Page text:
When most people think of Hawai’i, they think of Waikiki and surfing on the north shore of Oahu. What I’ve found recently is that most people think the whole string of islands here are all called “Hawai’i”. Although that is true to a certain point, each island has its own name and reputation. Oahu is Hawaiian for “The Gathering Place”, which makes sense that it has the largest city and population of all islands here. Today, we are going to talk about secret spots on the island of Hawai’i – also known as “The Big Island”.
Having just been there for the first time a few months ago, we spent seven days there and found so many amazing places. Most known for the city of Kailua-Kona, it has much more to offer. Little known fact, it is actually the largest island in the United States. It took us approximately three hours to drive across from the east side to the west. When we went around the bottom, it took about five hours. Needless to say, it is way bigger than we thought. Home to multiple active volcanoes, you wouldn’t think it has so many different kinds of land. You can drive through desert-like areas straight into a rainforest, up a mountain that has snow on top, and down through a city to the coast.
Now for what we are all waiting for – secrets! There are the more-known secrets, like emerald-green beaches, black sand beaches, and manta-ray night snorkels, and there are lesser-known secrets, like natural lava-heated hot springs, massive steam vents, and lava tunnel walk-throughs. I’ve been to plenty of hot springs in my life, but never one on a beach!
The Black Sand Beach in southeastern Big Island has a series of hot springs heated by active lava far down beneath the ground. They are a must-do experience, and it helps that there is a local coconut-man that gives you fresh, cold coconuts after you’ve warmed up in the hot springs. He cuts them open right in front of you, and when you’re finished drinking the juice, he cuts it in half so you can eat the flesh and rejuvenate!
Volcanoes National Park has much to offer, and I’d suggest going on one of your first days on the island. The receipt they give you on entry is valid for seven days afterwards, and trust me, you’ll need more than one visit to truly experience the park. Make sure you check online when you arrive to see if there is any active lava, and if you’re lucky enough to be there during any eruption, make sure to go at night! The fierce glowing ruby color is bright enough to be seen during the day, but is incomparable to the scene at night. This park also offers close encounters with steam-vents and giant lava tunnel walks with abundant information at every turn.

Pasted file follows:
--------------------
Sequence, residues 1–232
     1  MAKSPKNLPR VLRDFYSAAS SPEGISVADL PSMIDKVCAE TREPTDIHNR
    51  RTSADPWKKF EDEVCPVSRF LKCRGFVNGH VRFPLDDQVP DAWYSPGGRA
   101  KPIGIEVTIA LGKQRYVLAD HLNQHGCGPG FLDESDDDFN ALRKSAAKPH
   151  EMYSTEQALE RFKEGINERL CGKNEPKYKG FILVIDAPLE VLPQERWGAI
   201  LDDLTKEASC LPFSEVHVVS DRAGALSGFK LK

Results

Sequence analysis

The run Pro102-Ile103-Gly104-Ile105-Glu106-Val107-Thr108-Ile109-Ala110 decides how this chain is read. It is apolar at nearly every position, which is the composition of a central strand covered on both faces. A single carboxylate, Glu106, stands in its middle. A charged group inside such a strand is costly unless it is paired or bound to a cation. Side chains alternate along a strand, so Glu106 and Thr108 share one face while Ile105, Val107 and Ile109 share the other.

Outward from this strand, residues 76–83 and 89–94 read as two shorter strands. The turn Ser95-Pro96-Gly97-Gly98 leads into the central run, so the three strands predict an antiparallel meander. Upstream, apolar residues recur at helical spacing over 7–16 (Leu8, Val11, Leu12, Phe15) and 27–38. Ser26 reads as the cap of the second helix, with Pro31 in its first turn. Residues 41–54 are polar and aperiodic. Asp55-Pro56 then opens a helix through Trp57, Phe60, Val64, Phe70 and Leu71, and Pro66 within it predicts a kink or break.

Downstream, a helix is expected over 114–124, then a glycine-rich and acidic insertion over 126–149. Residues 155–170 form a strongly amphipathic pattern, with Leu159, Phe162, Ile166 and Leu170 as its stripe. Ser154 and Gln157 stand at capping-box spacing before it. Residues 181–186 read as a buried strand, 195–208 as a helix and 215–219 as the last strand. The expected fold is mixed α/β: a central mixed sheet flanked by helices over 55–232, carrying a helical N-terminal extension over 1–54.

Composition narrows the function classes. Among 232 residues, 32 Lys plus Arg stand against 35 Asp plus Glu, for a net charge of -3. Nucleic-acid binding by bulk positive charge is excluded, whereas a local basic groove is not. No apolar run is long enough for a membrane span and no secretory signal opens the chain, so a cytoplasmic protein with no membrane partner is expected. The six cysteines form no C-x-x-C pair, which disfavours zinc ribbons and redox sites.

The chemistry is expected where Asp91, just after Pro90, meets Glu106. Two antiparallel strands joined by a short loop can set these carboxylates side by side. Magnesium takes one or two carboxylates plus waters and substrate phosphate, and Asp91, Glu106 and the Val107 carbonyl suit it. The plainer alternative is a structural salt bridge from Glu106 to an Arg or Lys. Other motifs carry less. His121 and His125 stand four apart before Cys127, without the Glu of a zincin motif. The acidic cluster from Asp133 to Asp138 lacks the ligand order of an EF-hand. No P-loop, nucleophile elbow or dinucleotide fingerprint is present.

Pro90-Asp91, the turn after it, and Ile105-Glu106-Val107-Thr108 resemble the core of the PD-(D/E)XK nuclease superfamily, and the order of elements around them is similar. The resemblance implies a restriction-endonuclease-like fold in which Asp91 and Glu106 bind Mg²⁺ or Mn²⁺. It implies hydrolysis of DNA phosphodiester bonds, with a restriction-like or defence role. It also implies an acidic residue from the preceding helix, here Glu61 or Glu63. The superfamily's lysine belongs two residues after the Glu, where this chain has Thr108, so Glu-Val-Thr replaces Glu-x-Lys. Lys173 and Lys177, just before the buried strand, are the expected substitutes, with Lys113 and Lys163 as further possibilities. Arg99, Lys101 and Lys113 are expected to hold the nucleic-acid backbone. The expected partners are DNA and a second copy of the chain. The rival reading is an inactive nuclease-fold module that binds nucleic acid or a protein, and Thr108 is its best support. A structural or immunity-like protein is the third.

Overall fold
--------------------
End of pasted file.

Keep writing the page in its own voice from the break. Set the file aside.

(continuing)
Lava trees! In 2018, there was a massive eruption that almost evacuated the whole island. It covered highways, hundreds of acres of land, and unfortunately some houses as well. This turned into another State Park. Called the Lava Tree State Park, you can walk through and see the nutrients from past lava coming to life. Some trees that were covered are actually still standing, encased in lava rock. It’s incredible to see for yourself, and something I’m sure you never imagined doing.
For the more known secrets, like swimming with manta-rays and seeing the amazing oceanic wildlife, there are many options and I highly recommend fitting in anything you have the time for.
Captain Cook has a memorial on the Kona side that is famous for snorkeling, and when we went, we swam with spinner dolphins. You never know what could happen while you’re visiting the dream-like world of Hawai’i. Mandates for COVID-19 are finally dropped and we welcome tourists back in with open arms.